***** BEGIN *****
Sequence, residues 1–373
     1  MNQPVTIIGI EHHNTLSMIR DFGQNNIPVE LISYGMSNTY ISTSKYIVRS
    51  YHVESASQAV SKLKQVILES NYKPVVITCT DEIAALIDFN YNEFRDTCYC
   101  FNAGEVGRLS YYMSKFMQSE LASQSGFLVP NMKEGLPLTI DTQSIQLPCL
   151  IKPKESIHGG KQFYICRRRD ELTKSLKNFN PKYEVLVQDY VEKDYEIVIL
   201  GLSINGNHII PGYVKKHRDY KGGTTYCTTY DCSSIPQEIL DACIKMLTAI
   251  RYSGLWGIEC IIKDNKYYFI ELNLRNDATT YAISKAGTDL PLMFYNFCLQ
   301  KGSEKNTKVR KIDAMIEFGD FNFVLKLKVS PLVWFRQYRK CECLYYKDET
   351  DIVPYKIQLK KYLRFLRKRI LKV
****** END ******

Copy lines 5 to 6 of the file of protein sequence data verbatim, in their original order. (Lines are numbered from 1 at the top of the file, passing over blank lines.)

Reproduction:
   151  IKPKESIHGG KQFYICRRRD ELTKSLKNFN PKYEVLVQDY VEKDYEIVIL
   201  GLSINGNHII PGYVKKHRDY KGGTTYCTTY DCSSIPQEIL DACIKMLTAI